Okay, so when can the Christian expect to be perfected?
The full resurrection of body and soul will occur when Jesus Christ returns to this earth. This is the great promise which is at the very heart of the Christian Faith! If there is no teaching of resurrection, there is no Christianity being taught! Here I can only advise a careful reading of 1 Corinthians 15, the 'resurrection chapter'.
Let me just pick up a very few verses here:
'So also is the resurrection of the dead. The body is sown in corruption, it is raised in incorruption. It is sown in dishonor, it is raised in glory. It is sown in weakness, it is raised in power.......Behold, I tell you a mystery: We shall not all sleep, but we shall all be changed - in a moment, in the twinkling of an eye, at the last trumpet. For the trumpet will sound, and the dead will be raised incorruptible, and we shall be changed'.
(1 Corinthians 15:42-43,51-52, NKJV throughout).
The lady who wrote me used the word 'rapture' - I do not use that word since it never occurs in the Bible. The Bible points to the resurrection of the dead which will occur at Christ's Second Coming as the great hope of Christians and I follow that example.
Although the Bible teaches that true believers will go to heaven at death before the resurrection of the dead occurs, this is only the soul and the Bible shows us people's souls in heaven almost sounding impatient as they long for the resurrection (Revelation 6:9-11). There is no doubt that our souls - at this point - will be freed from sin which will bring great joy, yet we will still long for the coming resurrection.
So do we go directly to heaven or hell at death? In a sense, I have already started to answer this question.
The Scriptures seem to show that Christian souls go to heaven to be comforted at the point of death (notice Ecclesiastes 12:7; Luke 16:22; 2 Corinthians 5:1-8; Philippians 1:21-25; Hebrews 12:1 and Revelation 6:9-11). In the parable of Lazarus we also see the unjust, cruel man going immediately in the opposite direction! To what degree this is written as a warning and deterrent we cannot say, since the just and unjust must still stand before God at the Great Judgment which will not occur until Christ returns to earth (Revelation 20:11-12).
But the Bible certainly appears to suggest that those to be ultimately condemned go to a place of restraint and gloominess immediately at death.
But to return to the topic of the saved, some have asked what the big deal is about the resurrection if those who die in Christ go straight to heaven at death, but, as we have already seen, the full and glorious resurrection of an all-powerful body and soul is a thing those who have died in Christ over the ages are right now certainly looking forward to in heaven, and awaiting with great joy. We must also realize that the promise of the resurrection is more than the promise of heaven alone; those saved will inherit 'all things' (Revelation 21:7), this includes a purified earth (2 Peter 3:10-13), as well as heaven, plus further joys which we cannot even imagine or conceive of at the present time (Romans 8:18-23,31-39).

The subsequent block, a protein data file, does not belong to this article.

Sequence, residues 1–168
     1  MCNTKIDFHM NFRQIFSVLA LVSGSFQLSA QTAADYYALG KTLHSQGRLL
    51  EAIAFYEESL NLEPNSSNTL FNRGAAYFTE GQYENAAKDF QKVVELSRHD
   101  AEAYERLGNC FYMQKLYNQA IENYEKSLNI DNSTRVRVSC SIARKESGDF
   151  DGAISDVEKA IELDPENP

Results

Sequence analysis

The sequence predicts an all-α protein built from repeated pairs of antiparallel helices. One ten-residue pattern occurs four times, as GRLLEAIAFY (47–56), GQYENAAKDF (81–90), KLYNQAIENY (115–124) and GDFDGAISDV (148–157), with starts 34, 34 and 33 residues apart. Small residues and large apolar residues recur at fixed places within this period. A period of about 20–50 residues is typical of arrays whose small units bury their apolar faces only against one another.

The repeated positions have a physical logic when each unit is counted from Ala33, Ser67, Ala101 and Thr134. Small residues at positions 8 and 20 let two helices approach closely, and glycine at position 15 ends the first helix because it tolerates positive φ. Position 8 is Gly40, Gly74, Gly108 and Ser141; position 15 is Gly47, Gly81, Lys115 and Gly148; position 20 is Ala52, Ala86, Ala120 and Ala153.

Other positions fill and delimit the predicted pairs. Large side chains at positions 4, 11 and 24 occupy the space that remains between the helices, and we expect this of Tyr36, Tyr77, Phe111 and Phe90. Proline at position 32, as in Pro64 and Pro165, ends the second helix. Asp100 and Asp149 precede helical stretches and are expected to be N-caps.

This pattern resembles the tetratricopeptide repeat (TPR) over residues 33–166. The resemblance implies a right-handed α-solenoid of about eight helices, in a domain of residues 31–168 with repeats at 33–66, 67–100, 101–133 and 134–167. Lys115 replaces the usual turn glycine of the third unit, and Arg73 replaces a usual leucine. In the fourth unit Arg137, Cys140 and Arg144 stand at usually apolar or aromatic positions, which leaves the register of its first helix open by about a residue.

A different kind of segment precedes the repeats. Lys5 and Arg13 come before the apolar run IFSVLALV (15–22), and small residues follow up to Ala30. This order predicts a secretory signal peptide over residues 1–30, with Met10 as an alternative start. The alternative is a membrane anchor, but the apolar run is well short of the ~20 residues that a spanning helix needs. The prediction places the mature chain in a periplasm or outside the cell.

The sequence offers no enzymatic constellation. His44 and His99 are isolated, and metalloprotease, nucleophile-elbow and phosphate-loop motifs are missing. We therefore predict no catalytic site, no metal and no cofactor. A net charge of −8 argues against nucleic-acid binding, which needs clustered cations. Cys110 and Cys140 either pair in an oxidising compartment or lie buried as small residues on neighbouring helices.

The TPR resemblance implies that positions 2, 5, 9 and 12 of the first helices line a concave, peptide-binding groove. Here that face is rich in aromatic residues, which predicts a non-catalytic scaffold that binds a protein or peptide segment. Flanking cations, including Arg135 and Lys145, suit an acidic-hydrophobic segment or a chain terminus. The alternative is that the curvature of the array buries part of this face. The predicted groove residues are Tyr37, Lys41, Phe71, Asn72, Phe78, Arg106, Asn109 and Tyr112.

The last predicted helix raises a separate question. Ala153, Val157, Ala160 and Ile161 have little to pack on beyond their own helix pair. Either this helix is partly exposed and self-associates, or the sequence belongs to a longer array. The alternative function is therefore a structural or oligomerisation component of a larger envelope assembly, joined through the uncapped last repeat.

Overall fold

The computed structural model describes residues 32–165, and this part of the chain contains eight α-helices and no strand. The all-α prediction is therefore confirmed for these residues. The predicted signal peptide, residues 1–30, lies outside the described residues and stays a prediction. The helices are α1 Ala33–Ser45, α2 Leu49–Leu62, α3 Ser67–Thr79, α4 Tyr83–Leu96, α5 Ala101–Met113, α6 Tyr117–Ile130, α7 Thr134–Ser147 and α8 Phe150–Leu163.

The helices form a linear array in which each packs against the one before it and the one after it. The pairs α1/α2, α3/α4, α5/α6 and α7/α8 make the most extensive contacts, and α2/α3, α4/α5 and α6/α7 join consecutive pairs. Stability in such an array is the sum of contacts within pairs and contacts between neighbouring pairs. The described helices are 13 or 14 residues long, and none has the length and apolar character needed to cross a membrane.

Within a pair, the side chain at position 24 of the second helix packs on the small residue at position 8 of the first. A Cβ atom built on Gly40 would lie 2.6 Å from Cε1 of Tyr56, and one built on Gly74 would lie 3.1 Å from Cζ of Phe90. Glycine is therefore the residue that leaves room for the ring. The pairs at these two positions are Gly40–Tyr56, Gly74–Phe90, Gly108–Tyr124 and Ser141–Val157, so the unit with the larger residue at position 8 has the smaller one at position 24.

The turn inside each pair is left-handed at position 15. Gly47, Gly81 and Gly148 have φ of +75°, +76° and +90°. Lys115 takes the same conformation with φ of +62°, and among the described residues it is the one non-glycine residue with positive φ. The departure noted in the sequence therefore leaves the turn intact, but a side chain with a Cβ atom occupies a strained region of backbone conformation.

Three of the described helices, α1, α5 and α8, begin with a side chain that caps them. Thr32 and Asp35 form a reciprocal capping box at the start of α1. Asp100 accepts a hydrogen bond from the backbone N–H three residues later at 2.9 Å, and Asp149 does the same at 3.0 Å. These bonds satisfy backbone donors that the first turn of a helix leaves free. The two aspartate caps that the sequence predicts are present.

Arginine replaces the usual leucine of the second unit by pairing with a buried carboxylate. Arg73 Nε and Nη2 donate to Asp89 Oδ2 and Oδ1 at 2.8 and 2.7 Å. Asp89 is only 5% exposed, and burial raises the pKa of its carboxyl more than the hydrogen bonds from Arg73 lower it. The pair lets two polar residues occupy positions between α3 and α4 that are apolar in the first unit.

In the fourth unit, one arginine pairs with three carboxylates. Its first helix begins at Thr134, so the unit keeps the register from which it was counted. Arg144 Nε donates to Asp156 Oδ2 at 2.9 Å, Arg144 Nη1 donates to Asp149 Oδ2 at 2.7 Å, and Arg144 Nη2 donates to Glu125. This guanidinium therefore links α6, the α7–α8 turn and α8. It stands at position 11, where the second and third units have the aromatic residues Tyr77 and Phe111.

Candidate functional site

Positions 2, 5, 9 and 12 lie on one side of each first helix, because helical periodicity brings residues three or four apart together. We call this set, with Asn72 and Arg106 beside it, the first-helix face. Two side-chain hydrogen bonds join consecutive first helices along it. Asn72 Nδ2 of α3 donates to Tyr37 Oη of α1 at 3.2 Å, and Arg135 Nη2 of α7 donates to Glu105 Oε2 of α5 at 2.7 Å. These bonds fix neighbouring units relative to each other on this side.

You ask about 'purgatory.' Purgatory is taught by Roman Catholicism but is not generally accepted by Protestants except for a few exceptions (C.S. Lewis believed in a form of purgatory). Once we are justified in Christ it is hard to see the point of purgatory since we know that none of us are perfect but only made perfect in the grace of Christ, in which He is able to impute His righteousness to us, though not infuse it. Roman Catholic theology sees purgatory as the place in which souls after death undergo further purifying from sin.
I am not one of those Protestants who think that Protestant reformed theology answers every question which could ever be asked and that one is left with no gray areas, because that certainly is not the case: there are difficult areas where we would love to have a few more clear Scriptures but where God - in His perfect wisdom - has decided not to give them to us, and we have to accept this. Personally, I think that we are all going to have surprises! I think, for example, that we are going to see people saved that we would never have guessed at, since we Christians tend to stress judgment and condemnation while being inclined to forget the free and overriding nature of God's mercy.
Robin A. Brace